Amazon FSX : Amazon FSx makes launching and running common file systems that are completely controlled by AWS, simple and affordable. You can take advantage of the rich feature sets and fast performance of commonly used open source and commercially licensed file systems with Amazon FSx, while avoiding time-consuming administrative tasks like hardware provisioning, software setup, patching, and backups. It offers cost-effective capacity with high reliability, and it integrates with a wide range of AWS services to allow faster innovation.

Azure Files : Azure Files are simple, secure, and serverless enterprise-grade cloud file shares. They’re cloud-based file shares that are completely managed and available using industry-standard SMB and NFS protocols. Cloud and on-premises deployments of Windows, Linux, and macOS can all install Azure file shares at the same time. Azure file shares can also be cached on Windows Servers using Azure File Sync for quick access to data close to where it’s needed.

AWS vs Azure Services Comparison


AWS and Azure, both the Clouds offer a huge spectrum of services. We have compared some major services of these platforms.

AWS vs Azure on the basis of Compute Services

Amazon EC2 : Amazon EC2 is a virtual server that supports both Linux and Windows Operating Systems. Its configurations are called instance types. It stores the AMI or operating system in a root volume. It uses Elastic Block Storage Volumes for persistent storage volumes for your data. You can encrypt EBS Volumes with AWS KMS. The security group enables you to create security rules to allow the traffic going to your instances. All EC2 instances are launched in an isolated network called VPC.

Azure VM : Azure VM is a Linux-based / Windows-based virtual server that you can provision. Its configurations are called VM series. It stores the VM images or operating system in an OS disk. It uses Azure Disk for persistent storage volumes for your data. You can encrypt OS and data disks with Azure SSE. NIC network security group enables you to create security rules to allow or deny the traffic going to your virtual machine.  All virtual machines are launched in an isolated network called VNet.

AWS vs Azure on the basis of Database Services

Amazon RDS : Amazon RDS configures and scales a relational database in the Cloud. It uses various engines like Amazon Aurora, PostgreSQL, MySQL, Oracle, MariaDB, and Microsoft SQL Server. The serverless database is called Amazon Aurora Serverless. It has a Standard, Memory-Optimized, and Burstable Classes database performance. It eliminates a single point of failure with multi-AZ deployment. It has an automated backup retention period of up to 35 days.

Azure SQL : Azure SQL is a fully managed and intelligent relational database in the cloud. It uses Microsoft SQL Server as the database engine. The serverless database is called Azure SQL Database serverless. It has a General Purpose, Hyperscale, and Business Critical database performance. It eliminates a single point of failure with zone redundant configuration. It has an automated backup retention period of up to 35 days.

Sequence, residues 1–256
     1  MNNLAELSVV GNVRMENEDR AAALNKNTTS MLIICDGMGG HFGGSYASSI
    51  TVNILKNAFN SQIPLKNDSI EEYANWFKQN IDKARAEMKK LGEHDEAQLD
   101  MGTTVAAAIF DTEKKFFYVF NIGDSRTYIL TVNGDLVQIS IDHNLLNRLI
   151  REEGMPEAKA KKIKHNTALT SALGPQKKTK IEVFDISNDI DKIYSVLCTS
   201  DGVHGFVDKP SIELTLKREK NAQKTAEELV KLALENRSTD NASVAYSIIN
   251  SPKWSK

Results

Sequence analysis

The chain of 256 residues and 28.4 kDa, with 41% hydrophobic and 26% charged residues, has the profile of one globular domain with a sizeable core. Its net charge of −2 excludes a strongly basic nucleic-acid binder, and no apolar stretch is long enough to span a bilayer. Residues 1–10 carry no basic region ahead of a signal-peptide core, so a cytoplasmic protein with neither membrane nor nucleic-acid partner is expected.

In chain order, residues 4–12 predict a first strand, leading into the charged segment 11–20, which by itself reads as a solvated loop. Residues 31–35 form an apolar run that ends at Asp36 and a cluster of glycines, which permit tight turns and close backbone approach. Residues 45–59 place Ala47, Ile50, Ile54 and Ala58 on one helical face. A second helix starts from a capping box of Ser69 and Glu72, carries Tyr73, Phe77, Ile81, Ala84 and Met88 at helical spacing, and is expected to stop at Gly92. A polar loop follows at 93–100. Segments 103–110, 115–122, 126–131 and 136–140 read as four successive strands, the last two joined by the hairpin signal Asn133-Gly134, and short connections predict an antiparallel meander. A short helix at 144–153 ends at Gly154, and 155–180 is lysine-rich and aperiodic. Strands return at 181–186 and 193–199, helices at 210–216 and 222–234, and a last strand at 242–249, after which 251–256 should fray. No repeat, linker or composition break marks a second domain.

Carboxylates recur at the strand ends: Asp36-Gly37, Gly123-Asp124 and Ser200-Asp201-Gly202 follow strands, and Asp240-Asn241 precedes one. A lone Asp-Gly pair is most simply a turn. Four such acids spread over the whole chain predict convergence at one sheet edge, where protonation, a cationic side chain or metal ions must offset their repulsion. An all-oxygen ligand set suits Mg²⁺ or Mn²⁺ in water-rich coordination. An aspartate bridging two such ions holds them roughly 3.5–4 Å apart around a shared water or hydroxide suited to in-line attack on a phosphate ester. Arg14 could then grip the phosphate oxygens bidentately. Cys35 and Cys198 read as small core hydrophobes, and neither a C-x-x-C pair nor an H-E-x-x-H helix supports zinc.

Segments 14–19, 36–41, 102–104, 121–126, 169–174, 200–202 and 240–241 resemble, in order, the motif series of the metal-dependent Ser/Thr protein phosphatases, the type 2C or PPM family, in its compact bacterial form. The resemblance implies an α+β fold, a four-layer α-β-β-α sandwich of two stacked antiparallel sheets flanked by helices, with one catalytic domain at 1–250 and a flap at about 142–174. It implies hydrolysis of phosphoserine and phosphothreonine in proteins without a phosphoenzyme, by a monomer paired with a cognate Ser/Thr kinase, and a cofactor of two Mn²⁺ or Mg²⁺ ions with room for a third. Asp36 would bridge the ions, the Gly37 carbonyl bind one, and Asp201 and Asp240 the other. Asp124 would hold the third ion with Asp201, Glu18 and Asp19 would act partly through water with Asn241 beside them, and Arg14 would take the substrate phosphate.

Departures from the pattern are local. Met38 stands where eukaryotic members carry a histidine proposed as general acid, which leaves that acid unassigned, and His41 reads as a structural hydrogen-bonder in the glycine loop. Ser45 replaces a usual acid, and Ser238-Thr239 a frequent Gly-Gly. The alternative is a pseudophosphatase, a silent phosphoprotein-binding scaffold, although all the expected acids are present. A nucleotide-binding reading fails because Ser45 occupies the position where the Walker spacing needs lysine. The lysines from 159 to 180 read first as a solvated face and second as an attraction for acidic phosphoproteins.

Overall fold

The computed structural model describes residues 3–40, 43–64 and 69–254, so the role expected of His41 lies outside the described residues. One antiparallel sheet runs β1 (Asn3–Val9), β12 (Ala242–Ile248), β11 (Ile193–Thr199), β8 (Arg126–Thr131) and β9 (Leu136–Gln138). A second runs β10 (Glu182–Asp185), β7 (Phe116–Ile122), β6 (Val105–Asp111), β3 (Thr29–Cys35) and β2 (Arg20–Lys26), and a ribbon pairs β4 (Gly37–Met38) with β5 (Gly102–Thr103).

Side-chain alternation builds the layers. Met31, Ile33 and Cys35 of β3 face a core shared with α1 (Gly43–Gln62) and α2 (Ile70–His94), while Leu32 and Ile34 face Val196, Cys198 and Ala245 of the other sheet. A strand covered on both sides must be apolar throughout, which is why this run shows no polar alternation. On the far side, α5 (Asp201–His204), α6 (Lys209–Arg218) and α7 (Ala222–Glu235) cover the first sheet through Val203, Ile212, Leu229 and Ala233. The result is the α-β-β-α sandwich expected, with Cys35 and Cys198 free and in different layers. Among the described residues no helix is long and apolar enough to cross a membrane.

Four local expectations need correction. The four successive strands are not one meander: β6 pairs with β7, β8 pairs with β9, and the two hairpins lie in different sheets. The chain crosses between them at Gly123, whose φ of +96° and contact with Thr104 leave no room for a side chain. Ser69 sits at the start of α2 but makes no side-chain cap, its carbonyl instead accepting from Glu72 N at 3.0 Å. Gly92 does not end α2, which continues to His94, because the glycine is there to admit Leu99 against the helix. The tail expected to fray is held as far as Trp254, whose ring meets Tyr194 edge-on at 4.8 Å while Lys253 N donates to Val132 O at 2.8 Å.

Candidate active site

AWS vs Azure on the basis of Networking Services

Amazon VPC : Amazon VPC is a virtual network service in AWS where you can launch your resources. It has a default VPC in each region. AWS reserves 5 IP addresses within each subnet. These subnets are from /28 to /16 with Private, Public, and VPN-only types. You can secure your network using NACLs and Security Groups. A VPC peering enables communication between two VPCs.

Azure VNet : Azure VNet is an isolated network service in Azure to run your VMS and applications. It does not have a default VNet. Azure reserves 5 IP addresses within each subnet. These subnets are from /29 to /8 with Private, Public, and Gateway types. You can secure your network using NSGs and ASGs. A VNet peering enables the communication between Virtual Networks.

AWS vs Azure on the basis of Security and Identity Services

AWS Identity and Access Management (IAM) : AWS IAM is used to create and manage users, groups, roles, and policies in your account. IAM groups allow you to organize a large number of IAM users. You can delegate administrator roles using identity-based policies. You can access resources only in the AWS console. You can monitor the status of your user accounts with a credential report. You can use IAM roles to grant users temporary permission. A collection of permissions written in JSON is called IAM policies. You can assign multiple permissions to an IAM user.

Azure AD and RBAC : Azure AD is used to create users and groups with Azure Active Directory. Azure AD allows you to assign a large number of users to groups. You can delegate administrator roles using Azure AD. It supports hybrid identity to access resources in the cloud or on-premises. You can monitor the security and usage patterns of your environment with Azure AD reports and monitoring. RBAC enables you to grant users certain roles to access specific resources. A collection of permissions written in JSON is called role definition in RBAC. You can assign multiple roles to a resource group with RBAC.

AWS and Azure with InfosecTrain

Both AWS and Azure have their own benefits and it’s hard to decide which one is better than the other. You need to choose the one that fulfills your requirements. AWS is a leading provider of Cloud services but Microsoft Azure is not far behind. Both AWS and Azure professionals are in high demand in the market to help businesses improve their performance. Take the first step towards being a qualified AWS and Azure Cloud Engineer with InfosecTrain. We are one of the most prestigious and well-known security and technology training and consulting organizations in the world. We have a wide spectrum of Cloud training that is led by highly experienced and trained instructors. The AWS and Azure training with InfosecTrain will help you develop a better understanding of the subject. It will indeed merit each penny and minute that you will invest.

Devyani Bisht ( )
Content Writer
Devyani Bisht is a B.Tech graduate in Information Technology. She has 3.5 years of experience in the domain of Client Interaction. She really enjoys writing blogs and is a keen learner. She is currently working as a Technical Services Analyst with InfosecTrain.